It has been literally three months since I’ve visited this space. Every once in a while I will think about writing something, then quickly dismiss the idea as too much work.
This summer was saturated with busyness. We’ve had weekly allergy shots, baseball and softball nearly every day until mid-July, gardening, misc. everyday household nonsense. There was way too much time spent away from the farm. Which drains me. My voice as a writer has dried up. Gone.
I have had NOTHING to say. Zip. Nada.
So, I didn’t fight it. I’ve been silent for the last three months. Really for the last year or two since leaving the newspaper. Now as I sit here and try to squeeze (painfully) a few drips of words I wonder if I really “am a writer” or if all the desires I had back then was because of the atmosphere I was in.
What makes a writer a writer, anyway?
My former pastor’s wife used to call me a wordsmith and I, honestly, loved that! Seemed so fresh. So real. So different. So true. But now I just feel like a middle-aged housewife with a mediocre, uncared-for blog. I’ve even thought of getting rid of the space altogether to alleviate the occasional guilt I suffer for neglecting it.
But this morning as I left the silence of my air-conditioned and still-sleeping household I was bombarded. My goal was to find some space in my brain, in my thoughts, in my soul by relaxing in the cool morning air. But peace alluded me. Outside was louder than inside. The summer serenade of cicadas or katydids or crickets or frogs — a giant orchestra of critters — filled the space between my ears and the sky. It was deafening.
I couldn’t even hear myself think. At first it was maddening. But I kept swinging.
Eventually the summer serenade created a cocoon where I couldn’t even hear my own thoughts if I wanted to. I noticed there was a gentle breeze. And my eyes were opened to my surroundings. The leaves on one of trees were extremely narrow compared to other oaks I’ve seen. There were spider-web draped between the eaves and pillars on the porch. Chickens scratched the grass and gurgled. I could make out the sounds of the pigs in the pasture to my left communicating to each other and then foraging for their breakfast. Ordinary.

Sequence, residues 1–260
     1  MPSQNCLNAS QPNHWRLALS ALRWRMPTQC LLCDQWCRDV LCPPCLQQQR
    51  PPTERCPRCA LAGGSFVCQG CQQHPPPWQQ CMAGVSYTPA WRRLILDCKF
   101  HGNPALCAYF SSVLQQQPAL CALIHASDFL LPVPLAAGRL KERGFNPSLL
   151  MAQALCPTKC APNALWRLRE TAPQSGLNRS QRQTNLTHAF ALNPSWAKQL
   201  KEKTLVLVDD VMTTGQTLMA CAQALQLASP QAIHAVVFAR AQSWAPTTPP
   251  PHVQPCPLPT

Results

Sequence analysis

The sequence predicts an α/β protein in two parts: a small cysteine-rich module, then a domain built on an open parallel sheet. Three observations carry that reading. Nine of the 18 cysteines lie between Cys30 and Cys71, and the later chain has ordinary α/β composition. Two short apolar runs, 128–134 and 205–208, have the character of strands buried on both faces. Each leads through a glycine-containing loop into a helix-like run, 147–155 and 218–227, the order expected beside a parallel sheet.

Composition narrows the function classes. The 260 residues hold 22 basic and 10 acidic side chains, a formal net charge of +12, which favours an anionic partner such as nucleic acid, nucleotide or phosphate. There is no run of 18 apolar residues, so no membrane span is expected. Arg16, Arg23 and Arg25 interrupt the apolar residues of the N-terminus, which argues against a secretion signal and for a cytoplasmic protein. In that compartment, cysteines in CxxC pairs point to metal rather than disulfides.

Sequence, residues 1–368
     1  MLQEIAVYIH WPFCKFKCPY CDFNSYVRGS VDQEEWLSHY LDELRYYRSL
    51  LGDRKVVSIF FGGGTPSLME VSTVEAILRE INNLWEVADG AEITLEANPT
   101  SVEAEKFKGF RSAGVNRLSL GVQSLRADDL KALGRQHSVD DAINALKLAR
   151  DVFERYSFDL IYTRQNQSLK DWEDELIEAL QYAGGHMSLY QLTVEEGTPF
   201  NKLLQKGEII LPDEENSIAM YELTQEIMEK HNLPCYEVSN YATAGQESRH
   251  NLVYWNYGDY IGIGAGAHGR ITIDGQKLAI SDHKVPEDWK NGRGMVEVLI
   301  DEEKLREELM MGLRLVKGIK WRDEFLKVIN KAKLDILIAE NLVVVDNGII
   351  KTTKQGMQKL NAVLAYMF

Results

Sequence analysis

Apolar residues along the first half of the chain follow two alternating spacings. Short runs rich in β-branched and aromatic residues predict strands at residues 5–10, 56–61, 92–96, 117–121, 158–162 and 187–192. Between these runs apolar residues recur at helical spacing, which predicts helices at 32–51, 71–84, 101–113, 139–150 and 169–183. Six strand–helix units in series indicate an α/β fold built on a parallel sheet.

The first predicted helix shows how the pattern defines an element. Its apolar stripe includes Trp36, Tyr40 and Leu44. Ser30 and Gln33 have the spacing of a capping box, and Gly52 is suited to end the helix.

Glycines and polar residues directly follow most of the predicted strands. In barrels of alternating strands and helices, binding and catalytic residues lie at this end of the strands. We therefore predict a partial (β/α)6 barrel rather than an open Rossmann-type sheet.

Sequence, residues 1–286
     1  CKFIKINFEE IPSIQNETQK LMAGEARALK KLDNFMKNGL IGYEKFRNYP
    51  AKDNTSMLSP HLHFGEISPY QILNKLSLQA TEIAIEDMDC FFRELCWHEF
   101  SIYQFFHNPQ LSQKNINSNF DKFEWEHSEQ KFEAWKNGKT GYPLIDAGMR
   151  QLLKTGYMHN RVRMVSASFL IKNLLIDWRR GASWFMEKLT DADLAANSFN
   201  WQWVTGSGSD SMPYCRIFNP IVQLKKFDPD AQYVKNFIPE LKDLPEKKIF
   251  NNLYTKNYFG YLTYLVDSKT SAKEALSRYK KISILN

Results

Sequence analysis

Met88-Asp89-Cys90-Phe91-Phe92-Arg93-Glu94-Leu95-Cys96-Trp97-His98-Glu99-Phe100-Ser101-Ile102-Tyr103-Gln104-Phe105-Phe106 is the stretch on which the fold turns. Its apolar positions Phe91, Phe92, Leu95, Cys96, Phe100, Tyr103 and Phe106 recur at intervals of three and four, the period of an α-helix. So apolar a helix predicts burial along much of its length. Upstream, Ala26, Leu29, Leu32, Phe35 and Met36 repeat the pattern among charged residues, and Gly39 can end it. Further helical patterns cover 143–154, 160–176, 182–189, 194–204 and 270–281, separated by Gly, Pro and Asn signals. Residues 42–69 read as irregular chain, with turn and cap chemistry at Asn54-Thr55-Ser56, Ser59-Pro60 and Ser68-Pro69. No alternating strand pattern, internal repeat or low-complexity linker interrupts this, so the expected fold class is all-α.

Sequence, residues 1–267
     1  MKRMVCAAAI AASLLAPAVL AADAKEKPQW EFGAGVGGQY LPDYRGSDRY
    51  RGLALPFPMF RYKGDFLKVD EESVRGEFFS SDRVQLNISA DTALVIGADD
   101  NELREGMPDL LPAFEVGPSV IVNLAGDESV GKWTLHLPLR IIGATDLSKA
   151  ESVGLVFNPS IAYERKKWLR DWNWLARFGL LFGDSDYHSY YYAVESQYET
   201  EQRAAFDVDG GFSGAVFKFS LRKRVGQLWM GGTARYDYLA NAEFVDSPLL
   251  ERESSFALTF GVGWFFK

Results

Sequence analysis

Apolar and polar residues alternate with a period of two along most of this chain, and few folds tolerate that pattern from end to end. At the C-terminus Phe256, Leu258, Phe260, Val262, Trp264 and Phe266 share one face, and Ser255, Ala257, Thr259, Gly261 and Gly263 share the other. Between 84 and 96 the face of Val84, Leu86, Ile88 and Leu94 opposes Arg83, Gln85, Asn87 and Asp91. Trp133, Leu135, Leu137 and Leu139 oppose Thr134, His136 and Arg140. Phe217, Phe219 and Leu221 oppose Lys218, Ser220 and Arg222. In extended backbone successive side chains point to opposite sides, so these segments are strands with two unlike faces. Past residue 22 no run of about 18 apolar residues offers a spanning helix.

Then it hit me.
I will always (at least until I’m old) be too busy. I will always be gone too much. There will always be too much noise in my world (even without Facebook, life is LOUD!). Noise. Busyness. That’s not the point.
Focus is. Dwelling on the ordinary is. Living in the moment is. That is the point. Or points.
Easier said than done.
But I think this lesson has to do with this space. This blog. Me.
It will be whatever it is.
The feelings that I’ve lost my voice are an illusion. I’ve convinced myself (somehow) that I have nothing to say, which is sometimes true, I suppose. But If I look back honestly there were times I kept quiet because I told myself I had nothing worthy or at least worth your time to read.
I need to get over that.
Some may like what I write while most may not. I need not care.
Writing has always been therapeutic to me. When death occurs I almost always process my emotions through writing. And crying. Mostly simultaneously.
My knee-jerk reaction to life in turmoil is to write.
THAT is what makes me a wordsmith. Not how many blog posts I write.
There will be dry spells.
Hopefully there will be times when I feel like speaking again. Maybe tomorrow or next week or next year.
Until then, happy summer to you!
Categories: Life on the farm
My name is Ginia Oehlschlager and I'm a small-town gal from Missouri. Join me as I document my crazy life on the farm with my husband and four kids. I'm always looking for frugal, simple ways to live the life God set before me. Where faith, family and fun come together on the farm.